The next few days, I will be attending the 30th Annual Scientific Meeting of The Obesity Society at the San Antonio Convention Centre, just a few steps from the Alamo.
As a Fellow of this organisation and someone, who has sat on well over a handful of TOS committees, attending this conference has become part of an annual rite – one that I certainly enjoy very much.
This year, to coincide with the start of this meeting, the Journal of the American Medical Association (JAMA) dedicates a full issue to obesity.
Articles include a discussion of government’s role in obesity prevention, a number of viewpoint pieces on obesity drugs, a randomised controlled study on the effect of exercise dose on diabetes risk in children, a survey on the possible role of bisphenol A in obesity, a 20 year analysis of the health benefits of bariatric surgery, a randomised controlled trial of surgery versus conservative treatment for obstructive sleep apnea, and a discussion of differences in diabetes risk by adiposity phenotype – in short, a pot-pourri of current topics of interest – no game changers – but certainly a few thoughtful comments, interesting new data and a general indication of the breadth of epidemiological and clinical research in this field.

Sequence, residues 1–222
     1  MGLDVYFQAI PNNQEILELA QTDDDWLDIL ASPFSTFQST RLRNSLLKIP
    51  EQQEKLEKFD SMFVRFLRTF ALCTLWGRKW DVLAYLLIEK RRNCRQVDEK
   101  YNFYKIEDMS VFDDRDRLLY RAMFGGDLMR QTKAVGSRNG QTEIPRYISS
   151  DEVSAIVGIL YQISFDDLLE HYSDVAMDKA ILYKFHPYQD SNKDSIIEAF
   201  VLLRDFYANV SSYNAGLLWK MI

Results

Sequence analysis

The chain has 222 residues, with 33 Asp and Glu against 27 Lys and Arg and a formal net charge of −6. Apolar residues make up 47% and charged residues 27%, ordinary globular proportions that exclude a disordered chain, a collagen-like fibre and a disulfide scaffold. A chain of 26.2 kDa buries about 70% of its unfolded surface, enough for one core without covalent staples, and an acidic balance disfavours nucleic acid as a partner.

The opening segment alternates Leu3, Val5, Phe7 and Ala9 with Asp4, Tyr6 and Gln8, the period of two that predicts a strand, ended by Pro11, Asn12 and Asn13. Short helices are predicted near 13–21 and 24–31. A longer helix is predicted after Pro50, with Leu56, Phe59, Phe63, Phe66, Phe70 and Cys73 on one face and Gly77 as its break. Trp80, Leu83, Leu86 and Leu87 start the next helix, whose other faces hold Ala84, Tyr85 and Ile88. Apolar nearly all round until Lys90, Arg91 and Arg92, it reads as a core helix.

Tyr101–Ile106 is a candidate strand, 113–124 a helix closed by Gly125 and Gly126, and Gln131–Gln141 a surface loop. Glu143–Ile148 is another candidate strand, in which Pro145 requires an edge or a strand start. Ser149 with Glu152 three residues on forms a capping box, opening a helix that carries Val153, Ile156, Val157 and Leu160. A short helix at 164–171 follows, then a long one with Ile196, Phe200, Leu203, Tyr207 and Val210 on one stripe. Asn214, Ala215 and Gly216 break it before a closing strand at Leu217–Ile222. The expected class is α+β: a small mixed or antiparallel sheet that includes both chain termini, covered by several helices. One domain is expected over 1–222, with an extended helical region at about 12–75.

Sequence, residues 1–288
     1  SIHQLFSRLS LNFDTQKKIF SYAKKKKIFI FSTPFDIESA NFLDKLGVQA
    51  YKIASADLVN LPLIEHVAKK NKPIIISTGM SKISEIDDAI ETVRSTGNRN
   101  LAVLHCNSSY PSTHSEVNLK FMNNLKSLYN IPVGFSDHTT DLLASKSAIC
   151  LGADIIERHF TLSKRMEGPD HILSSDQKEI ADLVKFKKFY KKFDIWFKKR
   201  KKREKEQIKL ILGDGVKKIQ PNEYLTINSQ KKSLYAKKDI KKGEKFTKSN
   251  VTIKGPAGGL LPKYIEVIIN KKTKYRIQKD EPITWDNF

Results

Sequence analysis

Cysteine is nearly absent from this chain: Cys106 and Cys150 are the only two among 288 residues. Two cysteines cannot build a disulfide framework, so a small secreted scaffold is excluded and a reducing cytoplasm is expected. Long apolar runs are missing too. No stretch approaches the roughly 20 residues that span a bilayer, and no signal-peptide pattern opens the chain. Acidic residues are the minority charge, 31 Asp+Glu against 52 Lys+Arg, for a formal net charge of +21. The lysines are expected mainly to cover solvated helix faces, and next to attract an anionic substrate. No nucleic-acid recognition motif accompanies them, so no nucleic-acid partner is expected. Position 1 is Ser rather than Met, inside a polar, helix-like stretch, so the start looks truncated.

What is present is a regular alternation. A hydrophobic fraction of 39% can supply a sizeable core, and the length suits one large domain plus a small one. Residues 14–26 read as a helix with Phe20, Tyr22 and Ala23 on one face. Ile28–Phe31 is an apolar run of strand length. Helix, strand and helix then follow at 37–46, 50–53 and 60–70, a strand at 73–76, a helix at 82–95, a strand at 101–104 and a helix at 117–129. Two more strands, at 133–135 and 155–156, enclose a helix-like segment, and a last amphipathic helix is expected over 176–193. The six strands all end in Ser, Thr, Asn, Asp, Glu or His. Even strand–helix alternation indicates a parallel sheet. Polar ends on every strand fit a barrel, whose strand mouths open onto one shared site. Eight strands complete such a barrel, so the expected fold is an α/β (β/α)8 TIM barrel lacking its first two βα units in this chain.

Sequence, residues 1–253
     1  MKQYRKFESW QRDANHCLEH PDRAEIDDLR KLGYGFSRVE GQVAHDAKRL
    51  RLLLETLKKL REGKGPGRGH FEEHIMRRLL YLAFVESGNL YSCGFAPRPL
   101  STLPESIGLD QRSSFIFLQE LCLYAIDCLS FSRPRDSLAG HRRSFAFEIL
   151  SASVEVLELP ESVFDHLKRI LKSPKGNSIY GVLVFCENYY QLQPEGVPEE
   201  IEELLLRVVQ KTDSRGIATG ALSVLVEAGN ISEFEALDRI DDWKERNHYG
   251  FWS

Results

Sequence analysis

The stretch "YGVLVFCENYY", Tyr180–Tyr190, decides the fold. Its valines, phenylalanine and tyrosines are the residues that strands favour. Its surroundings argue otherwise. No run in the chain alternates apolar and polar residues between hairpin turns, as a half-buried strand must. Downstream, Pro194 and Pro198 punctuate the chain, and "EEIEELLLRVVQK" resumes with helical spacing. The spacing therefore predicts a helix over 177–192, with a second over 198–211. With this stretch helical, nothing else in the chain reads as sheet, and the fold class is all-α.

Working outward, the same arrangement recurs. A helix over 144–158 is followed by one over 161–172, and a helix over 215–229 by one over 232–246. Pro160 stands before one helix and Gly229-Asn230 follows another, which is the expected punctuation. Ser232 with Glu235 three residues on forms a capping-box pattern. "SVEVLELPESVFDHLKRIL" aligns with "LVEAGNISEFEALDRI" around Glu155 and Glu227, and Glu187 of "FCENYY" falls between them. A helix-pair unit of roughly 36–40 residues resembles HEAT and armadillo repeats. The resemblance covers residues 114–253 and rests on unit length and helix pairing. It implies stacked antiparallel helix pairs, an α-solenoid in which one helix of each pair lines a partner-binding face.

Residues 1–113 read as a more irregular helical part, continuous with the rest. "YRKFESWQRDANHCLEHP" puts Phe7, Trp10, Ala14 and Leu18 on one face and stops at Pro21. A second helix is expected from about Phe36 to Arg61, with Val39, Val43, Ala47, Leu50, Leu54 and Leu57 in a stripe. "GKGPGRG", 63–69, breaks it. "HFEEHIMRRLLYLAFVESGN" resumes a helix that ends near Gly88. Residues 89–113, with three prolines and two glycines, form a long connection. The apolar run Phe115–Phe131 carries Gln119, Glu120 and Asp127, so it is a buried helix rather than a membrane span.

Certainly an issue of JAMA that all of us working in the field should probably read cover-to-cover (fortunately, most of these articles are available for free download).
Historians may recall that in the end the defenders of the Alamo, despite their heroics, ultimately lost the battle (but not the war). Often, the few researchers and practitioners, who have dedicated most of their careers to better understanding and fighting obesity (and the many misconceptions about it), may feel that they too are fighting against impossible odds.
Just how much progress will be made remains to be seen – the next few days will at least show if we are headed in the right direction.
San Antonio, TX